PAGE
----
Monday, 20 February 2012

False security

Two ton death bears down on me;
I stand protected by a white line.
A twenty ton beast charges my car;
This time a broken line is my refuge.
We feel three dimensional security,
From a two dimensional line.
What fools we are,
to believe our lives assured by lines.

How easily the illusion is shattered,
In flying glass and torn metal.
But this is a rare occurrence,
In a society which follows rules.
Where we take our responsibilities seriously,
And live by our social contract.
But, as any social contract,
This relies on the will of all.

If you want to see confusion, even fear,
Break the rules, if only for a second.
Or look instead to others,
When their clean guides do not appear.
Watch them forget how to handle themselves,
As common sense flees.
Even now I sit behind a protecting line,
I spare not even a thought for safety, should I?

I came up with the premise of this poem one day while driving and just reflecting on the fact that I felt completely safe even with cars flying at me at 100 kilometers per hour (60 miles per hour) simply because I was on my side of the white line.

The more I thought of it the more foolish this feeling of security seemed, but at the same time it is completely neccessary to allow us to drive.

What do you think?

The great photo comes from photographer Olivia Bell and is called 'On the Black and White Road'.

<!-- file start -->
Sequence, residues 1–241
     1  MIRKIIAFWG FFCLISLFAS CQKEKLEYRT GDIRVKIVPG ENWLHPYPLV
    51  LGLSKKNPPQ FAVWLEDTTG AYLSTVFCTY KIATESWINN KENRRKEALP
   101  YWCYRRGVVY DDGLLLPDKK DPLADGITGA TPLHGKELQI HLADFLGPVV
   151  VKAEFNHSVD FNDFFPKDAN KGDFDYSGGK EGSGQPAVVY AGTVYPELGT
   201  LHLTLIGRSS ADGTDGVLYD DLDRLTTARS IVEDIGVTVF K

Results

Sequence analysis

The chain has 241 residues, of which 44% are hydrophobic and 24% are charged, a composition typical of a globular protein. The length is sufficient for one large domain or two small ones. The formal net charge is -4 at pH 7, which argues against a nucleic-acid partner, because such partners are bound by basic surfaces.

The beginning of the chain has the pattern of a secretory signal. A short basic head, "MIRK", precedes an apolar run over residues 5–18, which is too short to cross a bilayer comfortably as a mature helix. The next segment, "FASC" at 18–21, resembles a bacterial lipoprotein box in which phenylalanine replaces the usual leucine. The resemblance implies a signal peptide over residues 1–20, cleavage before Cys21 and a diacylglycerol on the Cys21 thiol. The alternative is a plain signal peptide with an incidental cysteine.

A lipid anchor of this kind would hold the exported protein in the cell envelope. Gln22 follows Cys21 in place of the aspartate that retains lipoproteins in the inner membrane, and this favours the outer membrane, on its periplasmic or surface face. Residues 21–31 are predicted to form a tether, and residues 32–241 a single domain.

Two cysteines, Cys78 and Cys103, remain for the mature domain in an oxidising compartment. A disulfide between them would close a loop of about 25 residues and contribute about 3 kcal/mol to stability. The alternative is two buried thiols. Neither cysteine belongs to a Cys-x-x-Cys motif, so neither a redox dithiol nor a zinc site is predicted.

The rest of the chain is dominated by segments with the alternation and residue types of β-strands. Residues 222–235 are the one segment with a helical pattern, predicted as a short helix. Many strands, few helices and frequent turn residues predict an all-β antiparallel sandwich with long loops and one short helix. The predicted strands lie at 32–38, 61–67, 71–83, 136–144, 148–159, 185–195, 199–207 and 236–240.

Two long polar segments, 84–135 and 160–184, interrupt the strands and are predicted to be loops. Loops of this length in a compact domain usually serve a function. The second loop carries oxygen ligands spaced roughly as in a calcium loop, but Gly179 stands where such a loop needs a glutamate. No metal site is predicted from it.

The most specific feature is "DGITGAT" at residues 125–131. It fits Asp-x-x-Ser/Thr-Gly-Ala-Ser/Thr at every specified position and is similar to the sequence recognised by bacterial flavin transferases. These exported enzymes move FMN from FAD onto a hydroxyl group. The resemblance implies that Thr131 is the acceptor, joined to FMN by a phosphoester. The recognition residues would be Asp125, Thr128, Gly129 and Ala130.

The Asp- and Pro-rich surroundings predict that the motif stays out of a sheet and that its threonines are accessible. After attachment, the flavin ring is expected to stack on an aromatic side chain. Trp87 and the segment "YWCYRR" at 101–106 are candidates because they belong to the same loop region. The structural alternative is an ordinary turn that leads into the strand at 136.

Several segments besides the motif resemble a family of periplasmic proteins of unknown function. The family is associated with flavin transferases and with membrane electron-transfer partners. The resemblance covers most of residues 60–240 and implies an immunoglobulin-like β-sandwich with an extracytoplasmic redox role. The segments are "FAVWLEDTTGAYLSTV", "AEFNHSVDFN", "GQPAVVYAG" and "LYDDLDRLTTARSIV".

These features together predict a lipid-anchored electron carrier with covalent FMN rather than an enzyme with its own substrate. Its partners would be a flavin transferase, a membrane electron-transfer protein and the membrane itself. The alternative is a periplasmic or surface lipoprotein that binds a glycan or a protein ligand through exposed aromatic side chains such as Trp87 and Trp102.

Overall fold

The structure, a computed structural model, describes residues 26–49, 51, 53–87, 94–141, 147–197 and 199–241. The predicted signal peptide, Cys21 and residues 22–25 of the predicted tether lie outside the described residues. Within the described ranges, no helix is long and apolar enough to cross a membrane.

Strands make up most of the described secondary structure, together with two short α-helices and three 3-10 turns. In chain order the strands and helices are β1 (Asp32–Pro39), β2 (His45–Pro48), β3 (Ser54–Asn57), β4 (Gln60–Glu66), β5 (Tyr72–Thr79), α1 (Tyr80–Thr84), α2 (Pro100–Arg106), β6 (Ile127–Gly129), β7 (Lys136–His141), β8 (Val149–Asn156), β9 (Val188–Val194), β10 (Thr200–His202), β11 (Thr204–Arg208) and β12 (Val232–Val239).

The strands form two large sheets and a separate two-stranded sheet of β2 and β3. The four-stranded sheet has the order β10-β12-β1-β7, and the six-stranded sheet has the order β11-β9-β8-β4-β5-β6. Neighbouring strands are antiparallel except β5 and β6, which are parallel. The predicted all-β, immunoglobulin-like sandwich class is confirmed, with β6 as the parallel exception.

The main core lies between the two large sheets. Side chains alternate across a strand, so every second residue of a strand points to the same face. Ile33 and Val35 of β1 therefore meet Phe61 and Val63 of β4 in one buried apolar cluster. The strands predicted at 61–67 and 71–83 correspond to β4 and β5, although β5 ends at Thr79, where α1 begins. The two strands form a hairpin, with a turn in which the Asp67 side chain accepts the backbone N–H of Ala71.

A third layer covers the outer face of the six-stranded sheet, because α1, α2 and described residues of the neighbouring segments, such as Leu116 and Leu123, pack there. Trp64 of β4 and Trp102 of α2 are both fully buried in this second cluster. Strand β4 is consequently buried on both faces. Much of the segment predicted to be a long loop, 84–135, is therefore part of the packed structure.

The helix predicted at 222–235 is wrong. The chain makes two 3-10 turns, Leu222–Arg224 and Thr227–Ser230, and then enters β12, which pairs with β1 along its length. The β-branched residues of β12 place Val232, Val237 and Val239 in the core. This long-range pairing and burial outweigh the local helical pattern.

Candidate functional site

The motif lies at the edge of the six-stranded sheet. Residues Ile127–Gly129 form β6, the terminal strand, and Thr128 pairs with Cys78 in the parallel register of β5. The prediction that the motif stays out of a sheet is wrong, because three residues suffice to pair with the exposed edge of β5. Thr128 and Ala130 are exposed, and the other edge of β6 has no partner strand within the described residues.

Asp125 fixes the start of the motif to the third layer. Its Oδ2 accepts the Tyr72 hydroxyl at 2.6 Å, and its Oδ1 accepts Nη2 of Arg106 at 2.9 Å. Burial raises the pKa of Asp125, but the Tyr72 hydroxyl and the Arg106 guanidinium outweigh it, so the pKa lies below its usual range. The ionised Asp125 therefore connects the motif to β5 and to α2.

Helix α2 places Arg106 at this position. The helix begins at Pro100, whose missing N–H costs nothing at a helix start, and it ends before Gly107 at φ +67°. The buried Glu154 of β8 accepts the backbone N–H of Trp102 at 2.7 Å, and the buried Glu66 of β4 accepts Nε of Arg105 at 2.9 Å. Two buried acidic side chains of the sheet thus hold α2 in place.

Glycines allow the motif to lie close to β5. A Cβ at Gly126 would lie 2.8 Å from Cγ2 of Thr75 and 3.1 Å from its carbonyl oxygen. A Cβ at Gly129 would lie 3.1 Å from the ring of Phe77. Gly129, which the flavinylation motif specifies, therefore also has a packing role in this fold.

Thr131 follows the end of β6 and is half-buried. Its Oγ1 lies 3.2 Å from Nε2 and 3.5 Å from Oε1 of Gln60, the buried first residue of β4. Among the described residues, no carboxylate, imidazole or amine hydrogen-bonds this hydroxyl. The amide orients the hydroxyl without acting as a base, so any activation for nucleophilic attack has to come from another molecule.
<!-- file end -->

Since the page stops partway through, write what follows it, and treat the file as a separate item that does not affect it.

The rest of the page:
1. smiles....yes we assume safety often thinking as long as we stay in the lines all is well...until it sneaks up on us...your opening made me think about a bear that attacked a car going down the interstate last year....both came away pretty messed up...

  2. I think you are right, and I love how you wrote this. I colored within the lines and looked with awe and fear at the first person I met who did not. Long long ago, I walked down a center line. but someone saved me, luckily.

    Lines: "What fools we are, / to believe our lives assured by lines." Yet as you say, not being this foolish leads to chaos.

  3. I like this poem. It does have a modern feel to it. It is not a triversen, of course. Not sure exactly what you want in terms of comment. There is truth and imagination in your free verse poem. There isn't much, though, in the way of set form..perhaps that's the point. You're protected behind a white line, or a computer screen and are free to break the rules. It is a discussion, in part, isn't it about breaking the rules.

  4. So true! We live securely behind these lines--some of them unseen--and the slightest disregard for them can cause utter chaos.
    Excellent thoughts, well written!

  5. Thanks for the thoughts and comments!

    Interesting what you say Beachanny about the free-form structure of the poem tying into the subject. And I had never thought of that idea that behind a computer screen you can get away with breaking poetic rules (if they exist?!).

    I have never studied poetry so am learning the different forms and structures as I go along, or in some cases, like this one, not following much of a structure.